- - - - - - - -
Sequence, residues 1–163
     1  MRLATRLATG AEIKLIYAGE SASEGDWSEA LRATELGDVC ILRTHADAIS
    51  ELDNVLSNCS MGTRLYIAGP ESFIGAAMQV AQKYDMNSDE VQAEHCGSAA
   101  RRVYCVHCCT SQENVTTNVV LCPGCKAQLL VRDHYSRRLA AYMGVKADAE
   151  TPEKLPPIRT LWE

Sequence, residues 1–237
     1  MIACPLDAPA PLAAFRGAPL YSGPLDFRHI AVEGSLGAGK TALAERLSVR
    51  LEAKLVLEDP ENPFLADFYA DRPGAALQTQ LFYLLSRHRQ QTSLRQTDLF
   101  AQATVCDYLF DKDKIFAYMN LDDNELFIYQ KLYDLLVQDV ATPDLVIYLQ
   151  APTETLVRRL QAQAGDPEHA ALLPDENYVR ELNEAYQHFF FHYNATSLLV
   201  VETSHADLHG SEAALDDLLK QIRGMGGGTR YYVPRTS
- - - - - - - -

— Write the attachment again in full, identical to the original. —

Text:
Sequence, residues 1–163
     1  MRLATRLATG AEIKLIYAGE SASEGDWSEA LRATELGDVC ILRTHADAIS
    51  ELDNVLSNCS MGTRLYIAGP ESFIGAAMQV AQKYDMNSDE VQAEHCGSAA
   101  RRVYCVHCCT SQENVTTNVV LCPGCKAQLL VRDHYSRRLA AYMGVKADAE
   151  TPEKLPPIRT LWE

Sequence, residues 1–237
     1  MIACPLDAPA PLAAFRGAPL YSGPLDFRHI AVEGSLGAGK TALAERLSVR
    51  LEAKLVLEDP ENPFLADFYA DRPGAALQTQ LFYLLSRHRQ QTSLRQTDLF
   101  AQATVCDYLF DKDKIFAYMN LDDNELFIYQ KLYDLLVQDV ATPDLVIYLQ
   151  APTETLVRRL QAQAGDPEHA ALLPDENYVR ELNEAYQHFF FHYNATSLLV
   201  VETSHADLHG SEAALDDLLK QIRGMGGGTR YYVPRTS